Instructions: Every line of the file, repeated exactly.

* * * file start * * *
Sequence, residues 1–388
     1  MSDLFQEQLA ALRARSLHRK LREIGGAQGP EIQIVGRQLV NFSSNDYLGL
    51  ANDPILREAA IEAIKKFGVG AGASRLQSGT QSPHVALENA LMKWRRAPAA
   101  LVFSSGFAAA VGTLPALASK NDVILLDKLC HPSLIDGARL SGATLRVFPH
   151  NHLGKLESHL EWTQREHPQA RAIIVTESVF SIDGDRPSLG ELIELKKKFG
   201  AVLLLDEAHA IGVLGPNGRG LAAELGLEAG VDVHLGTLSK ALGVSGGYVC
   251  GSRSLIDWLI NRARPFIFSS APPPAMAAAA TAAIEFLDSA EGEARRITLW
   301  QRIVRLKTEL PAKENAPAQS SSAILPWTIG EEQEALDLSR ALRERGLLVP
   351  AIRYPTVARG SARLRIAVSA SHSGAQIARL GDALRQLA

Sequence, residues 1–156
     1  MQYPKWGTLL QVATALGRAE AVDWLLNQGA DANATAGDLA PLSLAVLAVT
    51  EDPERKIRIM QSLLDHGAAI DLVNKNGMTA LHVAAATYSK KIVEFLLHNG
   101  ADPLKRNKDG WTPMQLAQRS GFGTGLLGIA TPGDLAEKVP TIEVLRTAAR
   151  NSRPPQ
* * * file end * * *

Sequence, residues 1–388
     1  MSDLFQEQLA ALRARSLHRK LREIGGAQGP EIQIVGRQLV NFSSNDYLGL
    51  ANDPILREAA IEAIKKFGVG AGASRLQSGT QSPHVALENA LMKWRRAPAA
   101  LVFSSGFAAA VGTLPALASK NDVILLDKLC HPSLIDGARL SGATLRVFPH
   151  NHLGKLESHL EWTQREHPQA RAIIVTESVF SIDGDRPSLG ELIELKKKFG
   201  AVLLLDEAHA IGVLGPNGRG LAAELGLEAG VDVHLGTLSK ALGVSGGYVC
   251  GSRSLIDWLI NRARPFIFSS APPPAMAAAA TAAIEFLDSA EGEARRITLW
   301  QRIVRLKTEL PAKENAPAQS SSAILPWTIG EEQEALDLSR ALRERGLLVP
   351  AIRYPTVARG SARLRIAVSA SHSGAQIARL GDALRQLA

Sequence, residues 1–156
     1  MQYPKWGTLL QVATALGRAE AVDWLLNQGA DANATAGDLA PLSLAVLAVT
    51  EDPERKIRIM QSLLDHGAAI DLVNKNGMTA LHVAAATYSK KIVEFLLHNG
   101  ADPLKRNKDG WTPMQLAQRS GFGTGLLGIA TPGDLAEKVP TIEVLRTAAR
   151  NSRPPQ